Today’s first stop was the Dwight D. Eisenhower Presidential Library, Museum and Boyhood Home in Abilene, Kansas. I had read that this was the least visited of all the presidential libraries and museums, but after seeing it I’m not really sure why. Maybe the location is a hindrance, but the content of the site and the poignancy of the story of the child who grew up here and left at twenty to head to West Point is history writ large.
The physical site itself is very open and pleasant, and the day was sunny and warm for my visit today.
I was able to tour the boyhood home, a small, spare white house well over a century old, where the 34th President of the United States lived from age eight to age twenty; one of seven boys. His mother was the last of the family members to live in the home before a foundation was formed to put it on display.
Eisenhower came from a highly motivated, hard-working and successful family. His father once worked eighty hours every two weeks for ten dollars pay. He came home and hung his hat on an animal horn that still adorns the wall over the telephone that his mother used while she lived in the house. His brothers were in business, newspaper editors and presidents of colleges.
All of the furnishings and furniture in the house are original. Our docent had her stories down and imparted a lot of information about the family and the reasons the house looks the way it does. We could see everything from a dough box, where Mrs. Eisenhower made up to nine loaves of bread every two days to feed her family, to a set of plates given to her by President and Mrs. Eisenhower, to the old footpedal sewing machine in the bedroom that his mother lived in until her death.
The rest of the grounds included the library and museum, a large statue of Eisenhower, and the final resting place for him, his wife and one of their sons. It was a very quiet, plain, simple place, much like I think Eisenhower probably was in some respects.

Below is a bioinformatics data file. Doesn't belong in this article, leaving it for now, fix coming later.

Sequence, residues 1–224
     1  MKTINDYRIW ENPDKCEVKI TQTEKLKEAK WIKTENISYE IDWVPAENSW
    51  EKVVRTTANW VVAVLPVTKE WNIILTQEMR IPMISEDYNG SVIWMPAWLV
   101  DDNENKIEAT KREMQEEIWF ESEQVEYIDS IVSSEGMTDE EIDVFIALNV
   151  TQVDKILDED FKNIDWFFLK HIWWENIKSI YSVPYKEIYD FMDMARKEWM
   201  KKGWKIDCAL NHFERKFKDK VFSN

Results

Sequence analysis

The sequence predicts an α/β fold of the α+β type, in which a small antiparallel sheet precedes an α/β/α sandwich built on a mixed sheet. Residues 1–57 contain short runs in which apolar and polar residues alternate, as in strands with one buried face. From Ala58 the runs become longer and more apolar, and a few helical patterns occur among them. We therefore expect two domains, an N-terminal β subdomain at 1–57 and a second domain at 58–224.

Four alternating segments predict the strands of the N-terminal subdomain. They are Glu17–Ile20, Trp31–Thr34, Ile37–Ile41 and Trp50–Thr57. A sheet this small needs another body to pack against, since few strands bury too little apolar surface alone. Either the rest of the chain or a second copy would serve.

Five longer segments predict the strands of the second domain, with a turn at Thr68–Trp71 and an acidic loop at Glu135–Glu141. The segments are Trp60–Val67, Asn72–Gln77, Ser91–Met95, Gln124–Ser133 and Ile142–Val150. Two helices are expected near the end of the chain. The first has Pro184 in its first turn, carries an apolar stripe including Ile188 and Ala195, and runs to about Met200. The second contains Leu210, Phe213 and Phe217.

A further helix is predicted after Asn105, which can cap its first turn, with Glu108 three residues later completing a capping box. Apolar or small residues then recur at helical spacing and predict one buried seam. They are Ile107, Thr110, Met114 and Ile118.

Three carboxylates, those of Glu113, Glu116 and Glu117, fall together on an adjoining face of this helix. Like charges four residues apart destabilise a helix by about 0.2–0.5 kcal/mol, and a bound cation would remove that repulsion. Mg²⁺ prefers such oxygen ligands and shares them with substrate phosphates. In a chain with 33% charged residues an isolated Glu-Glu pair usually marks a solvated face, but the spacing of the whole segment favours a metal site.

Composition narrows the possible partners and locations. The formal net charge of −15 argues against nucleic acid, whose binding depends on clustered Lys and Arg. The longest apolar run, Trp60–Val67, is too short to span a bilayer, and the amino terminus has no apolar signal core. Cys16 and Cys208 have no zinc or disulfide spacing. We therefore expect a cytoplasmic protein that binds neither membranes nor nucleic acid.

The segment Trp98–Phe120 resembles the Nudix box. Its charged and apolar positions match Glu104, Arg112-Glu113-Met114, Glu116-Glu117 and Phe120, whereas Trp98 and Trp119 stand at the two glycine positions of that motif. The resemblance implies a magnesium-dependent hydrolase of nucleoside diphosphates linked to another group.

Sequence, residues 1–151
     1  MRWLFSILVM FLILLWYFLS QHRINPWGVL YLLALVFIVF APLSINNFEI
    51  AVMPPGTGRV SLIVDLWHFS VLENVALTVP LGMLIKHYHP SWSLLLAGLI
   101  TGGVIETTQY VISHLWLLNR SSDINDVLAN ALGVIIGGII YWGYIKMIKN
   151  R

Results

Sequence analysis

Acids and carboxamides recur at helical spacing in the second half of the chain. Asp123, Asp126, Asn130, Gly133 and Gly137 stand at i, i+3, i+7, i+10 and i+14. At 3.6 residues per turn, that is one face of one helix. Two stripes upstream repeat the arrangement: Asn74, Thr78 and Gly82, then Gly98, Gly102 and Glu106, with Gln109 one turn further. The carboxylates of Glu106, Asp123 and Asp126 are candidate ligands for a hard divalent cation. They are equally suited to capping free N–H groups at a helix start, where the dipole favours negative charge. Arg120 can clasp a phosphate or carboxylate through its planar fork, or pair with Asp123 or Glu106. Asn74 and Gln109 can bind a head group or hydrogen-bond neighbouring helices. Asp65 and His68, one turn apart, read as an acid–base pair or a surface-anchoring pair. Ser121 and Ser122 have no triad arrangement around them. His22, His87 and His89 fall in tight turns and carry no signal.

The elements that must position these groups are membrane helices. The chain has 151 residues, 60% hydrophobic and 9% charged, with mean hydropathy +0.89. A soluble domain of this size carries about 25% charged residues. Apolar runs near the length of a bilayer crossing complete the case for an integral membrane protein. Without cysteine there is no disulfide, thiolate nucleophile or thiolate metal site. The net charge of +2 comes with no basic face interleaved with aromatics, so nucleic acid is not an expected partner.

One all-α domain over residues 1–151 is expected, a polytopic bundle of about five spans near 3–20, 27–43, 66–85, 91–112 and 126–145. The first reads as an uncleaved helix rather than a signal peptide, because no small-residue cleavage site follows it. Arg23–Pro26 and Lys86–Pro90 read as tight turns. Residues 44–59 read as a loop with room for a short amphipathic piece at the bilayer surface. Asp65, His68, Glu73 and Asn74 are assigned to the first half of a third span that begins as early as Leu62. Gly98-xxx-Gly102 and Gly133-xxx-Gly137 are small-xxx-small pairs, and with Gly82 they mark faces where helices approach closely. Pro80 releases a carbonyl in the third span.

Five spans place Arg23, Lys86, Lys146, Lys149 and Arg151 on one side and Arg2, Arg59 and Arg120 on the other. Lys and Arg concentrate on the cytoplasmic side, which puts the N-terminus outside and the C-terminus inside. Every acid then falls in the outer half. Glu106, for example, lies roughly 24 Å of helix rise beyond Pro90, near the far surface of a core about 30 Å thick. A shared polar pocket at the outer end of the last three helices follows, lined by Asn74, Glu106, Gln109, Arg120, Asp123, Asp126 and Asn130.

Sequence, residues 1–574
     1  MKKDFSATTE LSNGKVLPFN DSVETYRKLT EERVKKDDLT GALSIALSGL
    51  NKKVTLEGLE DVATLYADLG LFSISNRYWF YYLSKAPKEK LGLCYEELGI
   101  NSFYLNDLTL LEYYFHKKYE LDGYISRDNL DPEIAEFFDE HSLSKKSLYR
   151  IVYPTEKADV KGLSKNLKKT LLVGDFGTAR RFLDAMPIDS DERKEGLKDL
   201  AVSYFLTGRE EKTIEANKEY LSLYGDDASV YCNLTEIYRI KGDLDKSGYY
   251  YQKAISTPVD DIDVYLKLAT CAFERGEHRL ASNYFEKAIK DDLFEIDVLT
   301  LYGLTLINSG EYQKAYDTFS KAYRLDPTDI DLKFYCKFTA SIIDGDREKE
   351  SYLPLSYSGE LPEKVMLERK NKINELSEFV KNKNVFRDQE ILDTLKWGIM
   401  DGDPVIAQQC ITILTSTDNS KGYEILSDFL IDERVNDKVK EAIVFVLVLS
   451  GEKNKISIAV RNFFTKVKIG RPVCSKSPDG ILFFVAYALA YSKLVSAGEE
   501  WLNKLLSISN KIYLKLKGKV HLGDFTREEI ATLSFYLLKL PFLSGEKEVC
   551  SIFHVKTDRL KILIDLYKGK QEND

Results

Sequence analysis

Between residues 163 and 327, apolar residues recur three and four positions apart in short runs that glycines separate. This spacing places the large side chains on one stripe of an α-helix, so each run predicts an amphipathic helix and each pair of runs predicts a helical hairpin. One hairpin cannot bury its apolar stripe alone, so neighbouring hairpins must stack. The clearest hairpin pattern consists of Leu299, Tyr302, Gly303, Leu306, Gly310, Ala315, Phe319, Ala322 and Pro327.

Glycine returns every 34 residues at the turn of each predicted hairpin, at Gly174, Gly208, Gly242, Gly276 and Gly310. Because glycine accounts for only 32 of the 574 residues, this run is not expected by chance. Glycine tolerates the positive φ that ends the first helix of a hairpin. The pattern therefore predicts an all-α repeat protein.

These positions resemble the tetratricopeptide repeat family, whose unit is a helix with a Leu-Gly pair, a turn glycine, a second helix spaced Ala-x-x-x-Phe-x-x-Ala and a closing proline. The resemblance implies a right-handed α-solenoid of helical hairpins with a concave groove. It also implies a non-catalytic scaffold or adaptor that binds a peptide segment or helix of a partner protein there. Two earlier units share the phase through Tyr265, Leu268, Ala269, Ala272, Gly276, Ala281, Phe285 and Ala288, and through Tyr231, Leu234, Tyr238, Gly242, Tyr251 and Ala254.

Another stop during this travel day was Wyldewood Cellars, a place that one of my friends in South Carolina had told me to check out of I went past it. Just so happens that it is in Plexico, Kansas, just off the interstate. I bought four bottles of elderberry, spiced and mulled wines, and a couple of port-like dessert wines, one of which has strong chocolate tones. Should be nice for the holidays or the cold winter months to come.
The last meal of the day, and definitely the most fun, was at a local Winstead’s Hamburgers in Overland Park, Kansas.
I had not been to this restaurant in over seven or eight years at least, so I was pumped to get a double with everything, onion rings and a chocolate malt. They did not disappoint. It’s good old fashioned hamburger joint-malt shoppe food, and if you like it, there’s no better place to get some. if you’re in KC, go there. Period.
All in all, it was a fine day.
Tomorrow, I will be back on the road bright and early to get to Oklahoma City by lunchtime. I want to have plenty of time tomorrow afternoon to tour the Oklahoma City National Memorial and Museum, including getting some pictures at dusk or dark if I can swing it. I’m sure that will be a very solemn but educational place to visit.
For now, thanks for reading, and good night from Kansas City.